As we age our sense of smell and taste begin to change which can affect nutritional intake. It is important for seniors and family caregivers to understand how smell and taste effect nutritional habits so that they can work with these changes and maintain a balanced diet. In this article we would like to offer some information on the effects of sense of smell and taste in the elderly on nutritional intake.
There are a number of different illnesses that can cause changes in smell but in many cases changes in smell are just a part of the ageing process. Ageing often causes a decrease in the number of nerve cells in the olfactory system which in turn causes a decline in a person’s ability to smell and makes it harder to differentiate between smells. Smells are known to trigger a person’s appetite and without a sense of smell seniors will find that they are less hungry. Many people smell fresh food coming out of the oven and think about eating but with changes in the ability to smell fresh food might smell bad or have no smell at all.
Changes in taste happen slowly over a period of time and begin around age 40 for women and around age 50 for men. After age 60 many people begin to experience changes in sensitivity as well. Changes in taste can also be caused by a number of other things but most commonly seniors will find that their changes in taste are caused by dry mouth or by their dentures. The body processes less saliva with age which often causes the mouth to become very dry. Having a dry mouth can affect one’s sense of taste. Tooth loss and dentures are another common cause of changes in taste in the elderly because both things can make chewing more difficult. Seniors should talk with their doctor to find out the exact cause of their problem if they are concerned that their sense of taste has changed drastically.
Changes in smell and taste are often overlooked because they are not considered to be crucial to daily life but they can cause major changes in nutritional intake. Changes in taste and smell often cause a decrease in appetite which can cause irregular eating habits. Poor eating habits can cause nutrient deficiencies, weight loss and even malnutrition. Changes in taste can also be dangerous because they can cause seniors to eat foods that they would not normally eat since they cannot completely taste what they are eating. Many seniors find that they have a decreased sensitivity to salty foods which can cause them to eat more foods that are high in sodium because they do not realize how salty their food is. The same is often true when it comes to sugar which puts seniors at risk for diabetes and hypertension because they are taking in more salt and sugar than they should. Changes in smell and taste can also cause seniors to not recognize when food is spoiled because they cannot detect any changes in the smell or taste of their food. Eating spoiled food can cause food poisoning which can make seniors very sick and uncomfortable.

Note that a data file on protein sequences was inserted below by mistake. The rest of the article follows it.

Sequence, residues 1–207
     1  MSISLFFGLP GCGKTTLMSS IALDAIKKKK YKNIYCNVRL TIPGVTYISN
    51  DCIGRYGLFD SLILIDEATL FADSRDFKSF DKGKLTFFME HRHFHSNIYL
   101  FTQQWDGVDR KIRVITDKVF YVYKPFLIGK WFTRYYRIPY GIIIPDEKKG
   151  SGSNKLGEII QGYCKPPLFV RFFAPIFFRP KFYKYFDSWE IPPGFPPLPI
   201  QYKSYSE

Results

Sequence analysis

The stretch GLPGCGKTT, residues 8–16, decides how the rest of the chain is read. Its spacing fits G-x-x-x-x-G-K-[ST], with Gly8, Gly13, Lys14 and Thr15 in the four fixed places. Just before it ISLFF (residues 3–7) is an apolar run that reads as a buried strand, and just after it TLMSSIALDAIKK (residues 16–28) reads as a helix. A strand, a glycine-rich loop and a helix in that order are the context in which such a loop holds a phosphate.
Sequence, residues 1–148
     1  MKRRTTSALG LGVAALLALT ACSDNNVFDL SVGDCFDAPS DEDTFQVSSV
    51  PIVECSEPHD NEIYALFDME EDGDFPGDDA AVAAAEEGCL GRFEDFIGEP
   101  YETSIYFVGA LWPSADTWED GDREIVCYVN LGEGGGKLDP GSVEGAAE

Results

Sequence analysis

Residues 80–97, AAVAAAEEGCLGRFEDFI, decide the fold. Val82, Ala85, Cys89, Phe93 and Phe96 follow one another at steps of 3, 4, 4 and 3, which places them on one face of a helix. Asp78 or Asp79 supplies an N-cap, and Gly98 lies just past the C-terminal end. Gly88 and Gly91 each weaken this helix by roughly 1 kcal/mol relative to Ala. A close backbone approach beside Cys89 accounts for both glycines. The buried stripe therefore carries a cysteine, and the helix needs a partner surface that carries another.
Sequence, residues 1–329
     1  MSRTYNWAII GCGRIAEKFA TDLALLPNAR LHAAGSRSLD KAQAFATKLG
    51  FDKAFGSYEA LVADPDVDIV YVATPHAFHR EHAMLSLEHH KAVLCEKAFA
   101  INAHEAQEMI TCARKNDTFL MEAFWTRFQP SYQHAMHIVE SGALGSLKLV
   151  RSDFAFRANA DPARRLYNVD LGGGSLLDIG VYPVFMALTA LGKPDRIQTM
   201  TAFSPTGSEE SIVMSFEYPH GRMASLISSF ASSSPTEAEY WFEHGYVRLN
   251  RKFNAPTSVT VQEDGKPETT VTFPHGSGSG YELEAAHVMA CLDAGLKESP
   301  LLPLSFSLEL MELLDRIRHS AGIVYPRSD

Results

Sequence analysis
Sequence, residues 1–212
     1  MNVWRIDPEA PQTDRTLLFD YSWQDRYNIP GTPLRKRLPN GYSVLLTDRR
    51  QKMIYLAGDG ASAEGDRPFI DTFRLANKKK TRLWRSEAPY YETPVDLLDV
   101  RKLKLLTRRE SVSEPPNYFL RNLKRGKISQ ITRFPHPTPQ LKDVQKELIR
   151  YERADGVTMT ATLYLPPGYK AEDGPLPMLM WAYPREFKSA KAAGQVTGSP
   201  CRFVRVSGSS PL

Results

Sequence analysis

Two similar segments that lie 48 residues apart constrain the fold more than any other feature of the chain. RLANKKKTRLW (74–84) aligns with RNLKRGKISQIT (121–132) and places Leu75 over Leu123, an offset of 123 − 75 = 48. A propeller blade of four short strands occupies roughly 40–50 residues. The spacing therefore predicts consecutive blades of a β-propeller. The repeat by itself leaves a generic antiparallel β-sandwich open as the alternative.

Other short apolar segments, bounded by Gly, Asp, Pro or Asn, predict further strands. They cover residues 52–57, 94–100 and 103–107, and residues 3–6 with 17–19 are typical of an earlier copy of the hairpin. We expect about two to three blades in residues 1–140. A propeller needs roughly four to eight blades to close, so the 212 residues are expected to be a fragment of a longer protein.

The best thing for seniors to do if they notice changes in their sense of smell or taste is to try new foods. Seniors can try foods that they have never tried before or foods that they might not have liked in the past and experiment with new recipes. It can also be helpful for seniors to experiment with new seasonings to add extra flavor to their food. Low sodium seasonings are the best option because as previously mentioned many seniors have a decreased sensitivity to salty food and will not notice if they are eating high amounts of sodium. Seniors can also work with a nutritionist to plan healthy meals that are full of flavor to keep their diet from being bland and tasteless. Seniors should monitor their weight on a regular basis to make sure that they are not under eating and losing weight.
The most important thing for seniors and family caregivers to remember is that changes in taste and smell should not be overlooked. Even if these changes are not critical they can make an impact on nutritional intake which is very important for seniors to monitor. Seniors are prone to nutrient deficiencies and changes in smell and taste can easily cause seniors to develop nutrient deficiencies. Family caregivers can help their loved ones by stressing the importance of proper nutrition and by making sure that they maintain a regular eating schedule and a balanced diet. Seniors that notice drastic changes in their sense of smell or taste should talk with their doctor to find out the exact cause and discuss any possible treatment options.
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